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2 minutes ago, padlin said:

how do folks that fish from kayaks or canoes prepare for cold water fishing?

I dress in layers and always wear my PFD.  I keep a change of clothes in my truck and fish smaller waters.  

 

As far as going in, I went in last March to grab one of my rods that slipped from my hands while switching it for another.  Water temps were about 40 degrees.  It wasn't  a problem.  I swam myself and kayak a short distance to the shallows, hopped back in and pedaled back to my truck to warm up and dry off.

12 minutes ago, padlin said:

Does anyone conform to the chart AJ posted?

As far as conforming to this chart, no, I don't.  I'm not going to buy a dry suit for the few times a winter I fish.  

 

It is the same information we're taught in my Fire Department.  All our apparatus have cold water rescue equipment.  

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4 hours ago, TnRiver46 said:

Oh yes they will! There are unfortunately lots of bodies in the TN river and millions of people including myself drink the water. I found a body in little river once and I know other fisherman that also have , it supplies the city of Maryville with drinking water. And that’s just a tributary. It’s honestly hard to keep track of how many times a body is found just in the water I fish, all the more reason to WEAR A LIFE JACKET

 

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1 hour ago, padlin said:

So now we all know how dangerous cold water can be, with or without a life jacket, it begs the question, how do folks that fish from kayaks or canoes prepare for cold water fishing? Has anyone taken a dunk when it’s cold, if so how’d you handle it? I don’t think I could right a canoe anymore, much less in stone cold water.

 

Does anyone conform to the chart AJ posted? I know I should, but I don’t. I’m not out there when it’s cold, too old for that, I only do what it says when the waters 80 degrees and up, which it may not even get to here. First you’ll see me is a water temp of about 50, the best I do is stay relatively close to shore.

 

 

 

I'm not on the water if the water is under 40 degrees.  I've done it once or twice and its just not worth it.  Even the lightest breeze across that temperature of water is frigid.  Above that, I'm also layering like others.  I'm not wearing a drysuit or neoprene.  I'm layered in thermals/fleece/waterproofs to keep me dry from spray.  In freshwater it is practically impossible to flip my particular kayak, so my risk is in falling out for some reason.  I take fewer risks and more breaks when its cold water.  If its windy I just don't do it.  I also don't do big water early in the season.  A lot of the earlier season places I'm fishing I could stand up and walk to shore if I fell out.  If I do get caught out in the open some where, first task is to get closer to shore. 

 

That happened once last year maybe (maybe the year before?).  Fishing my usual early season lake, about 40-42 degree water, overcast and light breeze (4-5 mph).  As I motored to an offshore hump I was surprised by the wind that stirred up from behind me.  It was 5 mph at the ramp but 10-15 in the middle of the lake.  I was going with it and didn't notice until I stopped.  When I stopped and realized it, I just kicked the motor back on and made for the next spot near the shoreline.  It isn't worth the risk of fighting the wind and waves in the middle of the lake like that. I ended up making a full lap of the shoreline and lake that day because running back to the ramp across the middle was a no go.  The wind picked up even more (the forecast was very wrong that day) so I stayed in the lea of the hillside to get back.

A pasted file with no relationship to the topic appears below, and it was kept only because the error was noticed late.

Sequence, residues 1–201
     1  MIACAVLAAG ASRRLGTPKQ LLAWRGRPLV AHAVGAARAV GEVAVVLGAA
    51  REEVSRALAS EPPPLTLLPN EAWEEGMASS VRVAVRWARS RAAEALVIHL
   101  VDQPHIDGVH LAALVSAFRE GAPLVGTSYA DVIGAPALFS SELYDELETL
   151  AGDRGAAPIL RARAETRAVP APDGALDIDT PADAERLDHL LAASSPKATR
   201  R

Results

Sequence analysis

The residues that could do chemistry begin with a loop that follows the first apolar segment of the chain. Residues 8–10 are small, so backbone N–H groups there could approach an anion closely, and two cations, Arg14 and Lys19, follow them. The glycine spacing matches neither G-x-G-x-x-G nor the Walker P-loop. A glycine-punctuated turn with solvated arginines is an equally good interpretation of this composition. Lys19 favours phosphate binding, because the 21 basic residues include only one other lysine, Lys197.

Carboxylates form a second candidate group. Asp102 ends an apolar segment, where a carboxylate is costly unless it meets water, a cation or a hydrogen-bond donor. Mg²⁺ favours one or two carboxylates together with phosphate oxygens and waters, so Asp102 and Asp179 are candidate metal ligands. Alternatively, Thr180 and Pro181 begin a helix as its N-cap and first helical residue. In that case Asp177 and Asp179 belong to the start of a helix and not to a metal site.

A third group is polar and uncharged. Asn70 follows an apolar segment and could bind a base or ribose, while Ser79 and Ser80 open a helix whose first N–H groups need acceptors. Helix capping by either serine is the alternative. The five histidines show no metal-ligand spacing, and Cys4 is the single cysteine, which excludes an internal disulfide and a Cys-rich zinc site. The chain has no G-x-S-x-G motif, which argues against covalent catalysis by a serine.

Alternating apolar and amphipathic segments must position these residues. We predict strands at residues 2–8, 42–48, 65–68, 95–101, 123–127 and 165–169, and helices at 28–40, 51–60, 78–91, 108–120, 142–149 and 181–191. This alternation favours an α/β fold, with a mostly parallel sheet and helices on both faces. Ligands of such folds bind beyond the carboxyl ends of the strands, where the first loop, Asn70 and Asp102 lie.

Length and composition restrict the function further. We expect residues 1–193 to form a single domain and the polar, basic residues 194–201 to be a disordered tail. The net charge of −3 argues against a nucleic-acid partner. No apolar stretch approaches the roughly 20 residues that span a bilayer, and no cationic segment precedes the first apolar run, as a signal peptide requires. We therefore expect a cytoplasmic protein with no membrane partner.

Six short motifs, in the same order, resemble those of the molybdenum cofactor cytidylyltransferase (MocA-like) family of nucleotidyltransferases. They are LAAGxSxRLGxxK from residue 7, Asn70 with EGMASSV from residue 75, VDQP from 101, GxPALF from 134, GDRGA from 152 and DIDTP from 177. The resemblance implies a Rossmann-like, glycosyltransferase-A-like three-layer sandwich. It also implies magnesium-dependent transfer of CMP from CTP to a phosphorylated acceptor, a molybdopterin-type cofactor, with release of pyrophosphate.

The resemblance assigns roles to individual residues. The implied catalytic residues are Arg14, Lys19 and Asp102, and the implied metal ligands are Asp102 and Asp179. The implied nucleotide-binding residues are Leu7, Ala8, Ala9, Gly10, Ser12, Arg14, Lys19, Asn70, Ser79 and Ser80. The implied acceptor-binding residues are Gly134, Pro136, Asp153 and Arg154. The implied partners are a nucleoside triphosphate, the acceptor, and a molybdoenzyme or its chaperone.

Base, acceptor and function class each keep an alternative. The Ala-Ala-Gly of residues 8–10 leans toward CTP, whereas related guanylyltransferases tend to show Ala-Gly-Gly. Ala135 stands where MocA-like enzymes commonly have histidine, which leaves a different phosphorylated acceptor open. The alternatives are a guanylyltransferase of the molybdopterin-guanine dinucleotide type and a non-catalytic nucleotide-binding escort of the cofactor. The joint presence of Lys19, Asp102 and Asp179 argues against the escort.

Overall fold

I used to swim in cold water for various 'things' be it triathlons, lifeguarding, teaching, etc.  I've been in sub-50 water (just a swimsuit) and its bracingly cold.  The worst is the first immersion when your body contracts and it rips the breath out of you.  If you get over that and can calm your heart rate and steady your breath then you have a chance of managing it.  Panic and you're done.  Its much easier said that done.

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4 hours ago, TnRiver46 said:

Oh yes they will! There are unfortunately lots of bodies in the TN river and millions of people including myself drink the water. I found a body in little river once and I know other fisherman that also have , it supplies the city of Maryville with drinking water. And that’s just a tributary. It’s honestly hard to keep track of how many times a body is found just in the water I fish, all the more reason to WEAR A LIFE JACKET

Okay, you got me!  SOME people won't drink the water.  

 

I have no problem with it.  Our city's water filtration system is so good, it's almost close to adequate.  It's even been ranked "potable" from time to time!

 

But I think for some people, it's more of a religious thing.  Like they don't want to meet St. Peter at the Pearly Gates and have to fend off accusations of cannibalism on a microscopic technicality.  Meanwhile I've eaten enough of my wife's hair in dinner meals over the years, that that ship has long since passed.  

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23 hours ago, Bankc said:

I know those polar bear club people love doing that kind of stuff and find it exhilarating.  And I've heard stories of people hitting cold water and just instantly shutting down. 

 

2 hours ago, padlin said:

Has anyone taken a dunk when it’s cold, if so how’d you handle it? I don’t think I could right a canoe anymore, much less in stone cold water.

 

 

I've been in a few times in the winter while duck hunting and fishing, but I remember one incident vividly. It was in early March. I was wearing a military Mae West. I hit the water and I was paralyzed by the cold. Fortunately I was pulled back into the boat a few minutes later. Had I not been wearing the life vest I think I would have just sunk.